Nicole had invited two friends to "our" Chinese restaurant, which they didn't know. Of course I came too. The two friends turned out to be like giggling teenagers, despite their vintage age. We also behaved like this, but without smart phones, we just talked in direct and laughed loud. We made quite some noise, because one of the girls had a very loud voice, her husband doesn't hear very well. From time to time we told her to speak a little less noisy, but that never lasted for long.
Besides our table was another one with 4 ladies. They were not noisy at all they were very silent despite the fact that they seemed to have a lot of fun too. They looked like a group of Italian Mammas speaking with their hands but no voice, all four of them were death and dumb. They made big smiles and signs to us and we smiled back and made signs that the food was very good.
At one moment I was at the buffet and one of the deaf women hit me at my arm and pointed on the sauces. I understood that she asked me which of the sauce was spicy. I pointed to the one which was not spicy at all and shook my head and then on one where I opened my mouth and panted like an old dog. She understood and we both smiled.
Later I thought it would be nice to learn the sign language and read on lips. I wonder if in all languages the signs are the same. I asked Mrs. Wikipedia and learned that "A common misconception is that all sign languages are the same worldwide or that sign language is international. Aside from the pidgin International Sign, each country generally has its own, native sign language, and some have more than one, though sign languages may share similarities to each other, whether in the same country or another one.It is not clear how many sign languages there are. The 2013 edition of Ethnologue lists 137 sign languages.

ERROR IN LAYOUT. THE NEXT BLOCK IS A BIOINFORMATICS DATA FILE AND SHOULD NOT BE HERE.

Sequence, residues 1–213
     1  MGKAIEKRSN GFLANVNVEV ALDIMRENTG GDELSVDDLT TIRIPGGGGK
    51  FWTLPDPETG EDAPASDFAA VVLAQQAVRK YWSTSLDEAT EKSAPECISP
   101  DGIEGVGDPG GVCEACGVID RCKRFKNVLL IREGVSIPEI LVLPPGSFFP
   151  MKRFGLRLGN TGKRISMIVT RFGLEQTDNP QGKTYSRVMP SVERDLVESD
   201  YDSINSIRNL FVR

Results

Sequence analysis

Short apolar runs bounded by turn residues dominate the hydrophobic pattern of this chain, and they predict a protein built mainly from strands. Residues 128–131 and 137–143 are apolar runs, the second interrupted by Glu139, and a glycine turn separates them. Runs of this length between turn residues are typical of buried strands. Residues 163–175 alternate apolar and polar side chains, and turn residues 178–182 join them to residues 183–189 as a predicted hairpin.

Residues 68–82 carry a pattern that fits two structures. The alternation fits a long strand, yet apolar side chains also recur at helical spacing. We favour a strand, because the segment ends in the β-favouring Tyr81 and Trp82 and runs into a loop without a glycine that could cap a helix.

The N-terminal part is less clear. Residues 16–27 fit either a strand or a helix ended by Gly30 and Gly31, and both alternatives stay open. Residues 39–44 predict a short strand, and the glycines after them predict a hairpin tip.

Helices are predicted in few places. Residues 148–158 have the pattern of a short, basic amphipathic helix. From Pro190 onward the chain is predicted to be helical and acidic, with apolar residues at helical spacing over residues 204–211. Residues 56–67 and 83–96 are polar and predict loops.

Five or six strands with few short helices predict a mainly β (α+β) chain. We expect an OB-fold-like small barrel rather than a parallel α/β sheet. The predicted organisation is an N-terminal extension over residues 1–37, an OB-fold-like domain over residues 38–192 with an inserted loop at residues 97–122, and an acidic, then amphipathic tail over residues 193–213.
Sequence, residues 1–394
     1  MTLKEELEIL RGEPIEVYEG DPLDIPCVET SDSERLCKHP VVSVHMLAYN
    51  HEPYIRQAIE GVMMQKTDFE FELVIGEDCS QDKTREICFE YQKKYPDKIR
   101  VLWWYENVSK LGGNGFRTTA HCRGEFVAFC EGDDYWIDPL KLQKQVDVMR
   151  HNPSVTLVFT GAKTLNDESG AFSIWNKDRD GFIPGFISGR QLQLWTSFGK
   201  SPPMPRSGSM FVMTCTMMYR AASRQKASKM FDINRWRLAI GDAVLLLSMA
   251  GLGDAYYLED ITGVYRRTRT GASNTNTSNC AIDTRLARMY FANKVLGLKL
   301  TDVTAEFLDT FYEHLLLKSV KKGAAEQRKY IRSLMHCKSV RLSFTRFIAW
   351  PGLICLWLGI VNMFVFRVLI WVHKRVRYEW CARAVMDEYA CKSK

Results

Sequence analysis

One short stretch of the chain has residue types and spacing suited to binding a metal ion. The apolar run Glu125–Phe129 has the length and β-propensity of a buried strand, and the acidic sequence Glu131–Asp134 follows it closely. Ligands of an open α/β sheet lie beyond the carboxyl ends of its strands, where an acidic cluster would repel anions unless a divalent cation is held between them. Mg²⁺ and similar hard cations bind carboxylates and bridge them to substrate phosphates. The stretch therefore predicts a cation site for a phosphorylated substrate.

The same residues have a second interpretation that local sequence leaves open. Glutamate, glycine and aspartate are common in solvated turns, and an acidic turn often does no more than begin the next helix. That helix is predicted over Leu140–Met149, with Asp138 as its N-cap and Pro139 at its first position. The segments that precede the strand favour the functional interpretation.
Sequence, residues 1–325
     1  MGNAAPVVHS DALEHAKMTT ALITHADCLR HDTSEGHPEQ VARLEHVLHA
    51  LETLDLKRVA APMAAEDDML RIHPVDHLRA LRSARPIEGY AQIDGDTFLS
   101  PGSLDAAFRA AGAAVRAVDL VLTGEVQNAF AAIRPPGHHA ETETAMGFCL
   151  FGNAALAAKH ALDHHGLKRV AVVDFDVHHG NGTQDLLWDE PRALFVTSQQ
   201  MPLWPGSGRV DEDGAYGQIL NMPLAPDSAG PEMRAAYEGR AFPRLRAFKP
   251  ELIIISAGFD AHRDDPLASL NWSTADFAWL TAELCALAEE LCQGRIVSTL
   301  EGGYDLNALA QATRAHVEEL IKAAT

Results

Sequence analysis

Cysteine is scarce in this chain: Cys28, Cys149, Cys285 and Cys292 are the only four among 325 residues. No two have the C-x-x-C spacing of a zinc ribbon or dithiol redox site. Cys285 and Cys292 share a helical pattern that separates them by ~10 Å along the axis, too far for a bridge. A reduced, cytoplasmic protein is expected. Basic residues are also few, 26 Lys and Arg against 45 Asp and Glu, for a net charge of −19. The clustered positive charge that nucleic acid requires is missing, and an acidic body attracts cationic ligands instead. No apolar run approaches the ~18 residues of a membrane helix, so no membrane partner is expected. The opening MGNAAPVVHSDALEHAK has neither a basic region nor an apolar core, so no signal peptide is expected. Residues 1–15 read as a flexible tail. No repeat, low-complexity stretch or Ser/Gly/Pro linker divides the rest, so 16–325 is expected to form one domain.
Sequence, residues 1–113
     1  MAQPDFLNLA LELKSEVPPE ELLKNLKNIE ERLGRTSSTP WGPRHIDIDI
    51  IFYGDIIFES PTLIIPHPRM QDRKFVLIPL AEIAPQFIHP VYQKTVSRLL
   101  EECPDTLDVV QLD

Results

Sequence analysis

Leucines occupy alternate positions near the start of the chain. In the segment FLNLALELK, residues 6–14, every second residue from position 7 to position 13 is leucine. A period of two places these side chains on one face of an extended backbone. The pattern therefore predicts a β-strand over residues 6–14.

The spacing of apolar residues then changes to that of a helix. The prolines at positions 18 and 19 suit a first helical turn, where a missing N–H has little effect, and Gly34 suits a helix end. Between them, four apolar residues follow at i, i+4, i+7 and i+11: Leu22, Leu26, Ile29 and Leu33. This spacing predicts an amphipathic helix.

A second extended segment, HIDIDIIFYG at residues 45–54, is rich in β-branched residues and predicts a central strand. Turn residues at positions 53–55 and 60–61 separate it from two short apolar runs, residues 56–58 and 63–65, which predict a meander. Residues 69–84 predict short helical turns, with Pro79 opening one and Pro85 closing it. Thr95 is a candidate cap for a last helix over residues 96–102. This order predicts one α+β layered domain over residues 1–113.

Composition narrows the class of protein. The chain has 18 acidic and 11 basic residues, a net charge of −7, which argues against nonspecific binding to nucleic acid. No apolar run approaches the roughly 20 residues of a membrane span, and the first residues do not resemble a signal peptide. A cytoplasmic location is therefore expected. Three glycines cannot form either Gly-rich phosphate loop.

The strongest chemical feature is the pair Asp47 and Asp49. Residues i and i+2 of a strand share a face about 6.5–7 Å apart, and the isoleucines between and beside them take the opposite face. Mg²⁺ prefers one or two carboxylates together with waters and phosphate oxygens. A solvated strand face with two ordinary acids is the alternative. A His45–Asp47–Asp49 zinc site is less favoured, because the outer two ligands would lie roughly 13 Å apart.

What a pity ! I thought at least the deaf and mute people had the same language all over the world !
If it would have been the same for all languages I would have tried to learn, I once had a deaf friend when I was 18, she read on my lips. At that time I would have learned, but there were no schools where I lived. Now I am too lazy and so I remain with my personal body language. If I want to tell that somebody had been strangled, I just put my hands around my neck open my mouth and let my tongue hang out, while I have a cross eyed look. I think that is understandable for everybody.
Linking to Jenny's Warm heart Wednesday